Starting our route with the emblematic Prado Museum. It is home to highly relevant historical and cultural heritage for all citizens. It has contributed to the study and dissemination of art.
El Prado is one of the most important museums in the world and one of the most popular in Europe, 10/10 worth visiting.
You can find the iconic works of Juan de Flandes (The Crucifixion), El Greco, Velázquez (Las Meninas,) Ribera, Goya, Fra Angelico, and Raphael in this museum.
2. Plaza Mayor
Pl. Mayor, 28012 Madrid
Throughout the history of Madrid, the Plaza Mayor has been the privileged setting for meetings, announcements, and celebrations of a civil nature. It is also loaded with commemorative plaques, historic places, and other symbols of great value.
It’s actually a very iconic place to visit if you’re coming to Madrid for the first time because, as you might know, the concept of “Plaza Mayor” refers to the main square of some localities in Castilian and Hispanic American urbanism.
This name comes from the fact that they were intended as a refuge in case of an attack on the city.
At Plaza Mayor, you can find the Statue of Felipe III, Casa de la Panadería, and Arco de Cuchilleros. Also, the famous New Year’s celebration takes place in this square, which is quite out of the ordinary.
3. Puerta de Alcalá
Pl. de la Independencia, s/n, 28001 Madrid
Puerta de Alcalá commemorated the entrance of Carlos III in Madrid as king of Spain. It was inaugurated in 1778, and the monument replaced another previous door, located a few meters below, which marked the way to Alcalá de Henares.
Currently one of the most important monumental landmarks in the city of Madrid.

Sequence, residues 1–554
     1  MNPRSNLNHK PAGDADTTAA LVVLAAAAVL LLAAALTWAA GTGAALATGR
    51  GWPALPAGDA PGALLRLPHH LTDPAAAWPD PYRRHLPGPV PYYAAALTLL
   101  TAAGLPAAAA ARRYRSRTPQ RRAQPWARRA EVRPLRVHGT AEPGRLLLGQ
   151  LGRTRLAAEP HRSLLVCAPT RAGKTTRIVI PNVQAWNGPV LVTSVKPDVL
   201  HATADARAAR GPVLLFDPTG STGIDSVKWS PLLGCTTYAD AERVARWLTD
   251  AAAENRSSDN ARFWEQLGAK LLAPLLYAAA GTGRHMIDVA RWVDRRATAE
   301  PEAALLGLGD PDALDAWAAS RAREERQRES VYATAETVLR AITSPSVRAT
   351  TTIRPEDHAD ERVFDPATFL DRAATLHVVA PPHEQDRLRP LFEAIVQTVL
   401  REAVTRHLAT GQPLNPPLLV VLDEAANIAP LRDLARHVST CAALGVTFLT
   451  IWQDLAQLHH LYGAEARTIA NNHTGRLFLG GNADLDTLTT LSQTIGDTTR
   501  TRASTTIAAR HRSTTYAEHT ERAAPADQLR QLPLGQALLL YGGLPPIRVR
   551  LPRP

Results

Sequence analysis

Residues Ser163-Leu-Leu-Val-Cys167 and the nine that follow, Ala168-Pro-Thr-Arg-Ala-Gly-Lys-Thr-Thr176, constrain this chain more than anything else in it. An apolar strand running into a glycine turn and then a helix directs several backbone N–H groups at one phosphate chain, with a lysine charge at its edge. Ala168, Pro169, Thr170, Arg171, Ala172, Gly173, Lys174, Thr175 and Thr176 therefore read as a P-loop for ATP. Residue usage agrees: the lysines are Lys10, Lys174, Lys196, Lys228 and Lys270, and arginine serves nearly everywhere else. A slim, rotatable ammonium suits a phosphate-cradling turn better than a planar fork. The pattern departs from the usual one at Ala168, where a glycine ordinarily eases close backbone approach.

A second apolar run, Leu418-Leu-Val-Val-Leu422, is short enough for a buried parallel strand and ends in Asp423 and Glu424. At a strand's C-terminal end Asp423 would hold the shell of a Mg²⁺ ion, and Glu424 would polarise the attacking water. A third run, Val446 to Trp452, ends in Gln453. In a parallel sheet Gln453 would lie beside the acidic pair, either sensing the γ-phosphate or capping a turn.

Nowadays, it is surrounded by the trendiest, most high-end, and exclusive restaurants and bars of Madrid, like Aarde, Bakán, Patio de Leones, Cappuccino, and Hotaru.
If you’re interested in restaurants and bars in Madrid, this article is for you:
The official date of the Royal Palace as the residence of Spanish kings is December 1, 1764, with Charles III, the first King who lived in the Palace.
If you want to obtain all the details, anecdotes, and stories, the best way to visit it is with a specialized guide. (You can get one inside the museum or before arriving) If not, you can just see it by yourself.
Throughout the year, you can visit the Royal Palace free from Monday to Thursday, from 5 to 7PM (from 4 to 6 in winter) if you are a citizen of the European Union, resident, or holder of a work permit.
Ibero-American citizens can also enter free of charge if they can prove their nationality, residence, or work permit.
In addition, free admission is available on May 18 (International Museum Day) and October 12.
Plan your visit on one of these days to save some extra cash.
Also, If you’re wondering how to visit Madrid on a budget, here’s everything you need to know:
The most important landmark of all is the beloved Santiago Bernabéu Stadium.
Did you know that in 2019, around 1,300,000 people took the Bernabéu Tour? That’s a lot.
Besides getting to know iconic places of the white coliseum, such as the dressing rooms, dugouts, or the box, you can also enjoy the Real Madrid museum, the third most visited museum in the capital of Spain, only behind the Prado and the Reina Sofía.
6. Debod Temple
C. de Ferraz, 1, 28008 Madrid
The Temple of Debod is one of the great hidden treasures of Madrid, and it is also, without a doubt, the perfect place to have a romantic date.
Make sure you visit it during sunset or sunrise to feel this magical moment.
This temple was a gift from Egypt to Spain for helping to save the temples of Nubia and prevent it from being submerged by the construction of the Aswan High Dam.